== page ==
Like Brokeback Mountain, New Queer Cinema icon Craig Chester’s directorial debut Adam and Steve resonates from our current political moment. Both films tackle the issue of gay marriage, one more explicitly than the other, and together suggest the tensions that haunt gay men and keep them apart aren’t very different from place to place or decade to decade. In the late ‘80s, goth boy Adam (Chester) and his obese fag hag Rhonda (a fat-suited Parker Posey) meet dancing-queen Steve (Malcolm Gets) at Danceteria. Adam takes Steve back to his apartment, where they strip, fawn over each other like the teenagers they are (the actors—one caked in white makeup, the other half-hidden beneath a Dee Snider do—allow our assumption of their characters’ youth to do most of the work for them), and do bumps of cocaine unsuspectingly laced with baby laxatives. When nature calls and Steve takes an unexpected “Hershey squirt” on the floor and Adam responds with a show of projectile vomiting, Steve runs out of the apartment in horror. Seventeen years later, they meet again and fall in love, oblivious to the fact they’ve met before.
Compare Adam and Steve, so clumsy and unsophisticated in spots, to the false sincerity of Madonna’s slick “I Love New York” from the otherwise fine Confessions On a Dance Floor. The beat is fierce but Madge’s political stance is glib. People are so hung up on the song’s corny rhyme (“If you don’t like my attitude then you can f’ off/Just go to Texas, isn’t that where they golf?”) they miss the singer’s red-state condescension. Chester corrects such crassness in a scene where Steve’s parents come to visit him and Adam. The values of Steve’s parents are shocking to the highminded Adam (he scoffs at the 9/11 commemorative plate and boxed wine they bring to dinner) just as Adam and Steve’s relationship makes the older couple feel uncomfortable (they tense up when the men reach for and hold each other’s hands). Chester resorts to adolescent humor to give impact to his points (Steve squirts a turkey baster strategically near Adam’s ass), but in spite of these slips, the audience doesn’t lose sight of the fact that the actor-director is genuinely concerned with paving and having his characters navigate a two-way street of understanding.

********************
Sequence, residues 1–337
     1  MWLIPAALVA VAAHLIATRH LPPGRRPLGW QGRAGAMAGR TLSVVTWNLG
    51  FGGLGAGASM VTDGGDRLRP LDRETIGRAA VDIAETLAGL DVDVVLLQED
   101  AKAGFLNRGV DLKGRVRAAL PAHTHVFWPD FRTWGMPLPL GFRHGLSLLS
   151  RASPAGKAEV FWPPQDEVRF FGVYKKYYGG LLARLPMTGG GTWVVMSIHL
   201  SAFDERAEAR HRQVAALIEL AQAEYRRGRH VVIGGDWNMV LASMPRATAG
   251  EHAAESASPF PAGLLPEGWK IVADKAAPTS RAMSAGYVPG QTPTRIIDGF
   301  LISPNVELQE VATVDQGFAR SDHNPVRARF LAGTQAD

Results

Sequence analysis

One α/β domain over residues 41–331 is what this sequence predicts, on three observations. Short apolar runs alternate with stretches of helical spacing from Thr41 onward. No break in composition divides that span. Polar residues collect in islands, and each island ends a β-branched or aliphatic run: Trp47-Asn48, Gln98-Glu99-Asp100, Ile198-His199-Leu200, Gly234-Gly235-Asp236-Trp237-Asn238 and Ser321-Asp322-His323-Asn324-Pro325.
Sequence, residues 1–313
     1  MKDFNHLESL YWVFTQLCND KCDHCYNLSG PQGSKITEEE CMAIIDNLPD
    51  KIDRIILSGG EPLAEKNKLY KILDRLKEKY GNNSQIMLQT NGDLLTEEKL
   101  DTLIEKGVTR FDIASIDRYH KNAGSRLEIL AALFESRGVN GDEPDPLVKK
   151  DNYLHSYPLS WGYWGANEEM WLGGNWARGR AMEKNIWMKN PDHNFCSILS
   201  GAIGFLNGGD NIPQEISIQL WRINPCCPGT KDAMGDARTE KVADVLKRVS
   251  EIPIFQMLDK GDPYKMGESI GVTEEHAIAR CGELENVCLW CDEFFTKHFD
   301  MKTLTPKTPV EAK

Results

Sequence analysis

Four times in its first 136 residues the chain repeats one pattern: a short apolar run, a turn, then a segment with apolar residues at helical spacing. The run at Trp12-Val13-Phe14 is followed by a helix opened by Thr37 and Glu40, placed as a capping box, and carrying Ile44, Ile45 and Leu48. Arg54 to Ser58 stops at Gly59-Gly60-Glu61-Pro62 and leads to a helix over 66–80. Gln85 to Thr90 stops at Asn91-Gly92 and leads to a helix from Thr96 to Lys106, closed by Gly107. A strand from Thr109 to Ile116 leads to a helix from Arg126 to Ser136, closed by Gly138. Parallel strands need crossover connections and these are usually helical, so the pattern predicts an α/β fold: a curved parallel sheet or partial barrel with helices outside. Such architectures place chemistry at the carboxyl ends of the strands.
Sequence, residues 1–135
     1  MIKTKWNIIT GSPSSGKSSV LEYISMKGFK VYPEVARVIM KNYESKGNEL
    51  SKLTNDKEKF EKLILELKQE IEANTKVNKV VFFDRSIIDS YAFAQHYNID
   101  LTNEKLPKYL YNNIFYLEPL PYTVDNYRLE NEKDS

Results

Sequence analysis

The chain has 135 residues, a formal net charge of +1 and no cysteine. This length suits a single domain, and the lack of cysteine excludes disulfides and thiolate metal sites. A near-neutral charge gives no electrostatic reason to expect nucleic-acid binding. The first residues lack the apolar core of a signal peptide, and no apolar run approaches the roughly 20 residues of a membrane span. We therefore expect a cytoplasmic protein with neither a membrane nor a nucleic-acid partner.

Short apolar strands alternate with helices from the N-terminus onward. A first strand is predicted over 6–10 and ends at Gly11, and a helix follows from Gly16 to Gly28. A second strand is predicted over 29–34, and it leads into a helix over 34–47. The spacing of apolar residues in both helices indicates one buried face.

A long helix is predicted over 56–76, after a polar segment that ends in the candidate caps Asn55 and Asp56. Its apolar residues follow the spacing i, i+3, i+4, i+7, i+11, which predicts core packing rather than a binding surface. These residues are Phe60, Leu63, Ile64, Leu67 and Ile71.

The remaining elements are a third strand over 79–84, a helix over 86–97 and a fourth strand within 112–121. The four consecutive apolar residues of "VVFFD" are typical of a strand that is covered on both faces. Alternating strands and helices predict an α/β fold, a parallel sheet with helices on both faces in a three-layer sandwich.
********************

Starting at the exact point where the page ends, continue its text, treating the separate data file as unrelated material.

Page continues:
Adam and Steve‘s humor, like that of any film that tries to extend the skit comedy into full-length form, comes at you with its arms flailing, and as such its tempting to measure its success in terms of the percentage of jokes that stick. A highlight includes a now-slim Rhonda literally hypnotizing Steve’s straight roommate, Michael (Chris Kattan), with her feminine wile (a Philip Glass-like trance plays on the soundtrack), but the hit-to-miss ratio favors the duds by at least 1:2. Chester is a charming physical performer who expects too much from his audience (not unlike Rhonda, a comedian whose entire shtick is predicated on the idea that she’s still fat), but even the film’s lowliest, most exhausted gags pack valuable political or emotional insight, like Adam’s fear that straight men will hit him with beer bottles should he express PDA (even in the heart of Chelsea!). Like Rhonda’s routine, Adam and Steve’s relationship evokes a ritual of negation. This gay rom-com—which allows Chester to cleverly conflate the personal trauma of the couple’s 18-year-old incontinence nightmare with the national horror of 9/11—allows its maker to address notions of compassion, forgiveness, and emotional healing. This is a film that acknowledges that all of us, gay or straight, need to get over our shit.